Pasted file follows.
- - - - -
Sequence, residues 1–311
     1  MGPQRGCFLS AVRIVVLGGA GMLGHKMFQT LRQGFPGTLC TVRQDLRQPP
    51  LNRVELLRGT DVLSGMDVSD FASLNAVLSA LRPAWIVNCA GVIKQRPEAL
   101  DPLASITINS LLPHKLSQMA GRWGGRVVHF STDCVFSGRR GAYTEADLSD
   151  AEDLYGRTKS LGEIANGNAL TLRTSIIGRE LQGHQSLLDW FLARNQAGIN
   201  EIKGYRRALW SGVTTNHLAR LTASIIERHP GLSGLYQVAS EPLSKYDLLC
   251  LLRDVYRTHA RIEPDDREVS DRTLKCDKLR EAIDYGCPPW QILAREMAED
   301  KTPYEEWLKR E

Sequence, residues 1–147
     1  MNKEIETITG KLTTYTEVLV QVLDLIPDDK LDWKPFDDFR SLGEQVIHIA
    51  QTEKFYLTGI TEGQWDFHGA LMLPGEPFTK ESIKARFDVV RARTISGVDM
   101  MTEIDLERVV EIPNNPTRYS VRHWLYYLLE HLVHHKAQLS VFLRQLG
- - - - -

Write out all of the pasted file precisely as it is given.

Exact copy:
Sequence, residues 1–311
     1  MGPQRGCFLS AVRIVVLGGA GMLGHKMFQT LRQGFPGTLC TVRQDLRQPP
    51  LNRVELLRGT DVLSGMDVSD FASLNAVLSA LRPAWIVNCA GVIKQRPEAL
   101  DPLASITINS LLPHKLSQMA GRWGGRVVHF STDCVFSGRR GAYTEADLSD
   151  AEDLYGRTKS LGEIANGNAL TLRTSIIGRE LQGHQSLLDW FLARNQAGIN
   201  EIKGYRRALW SGVTTNHLAR LTASIIERHP GLSGLYQVAS EPLSKYDLLC
   251  LLRDVYRTHA RIEPDDREVS DRTLKCDKLR EAIDYGCPPW QILAREMAED
   301  KTPYEEWLKR E

Sequence, residues 1–147
     1  MNKEIETITG KLTTYTEVLV QVLDLIPDDK LDWKPFDDFR SLGEQVIHIA
    51  QTEKFYLTGI TEGQWDFHGA LMLPGEPFTK ESIKARFDVV RARTISGVDM
   101  MTEIDLERVV EIPNNPTRYS VRHWLYYLLE HLVHHKAQLS VFLRQLG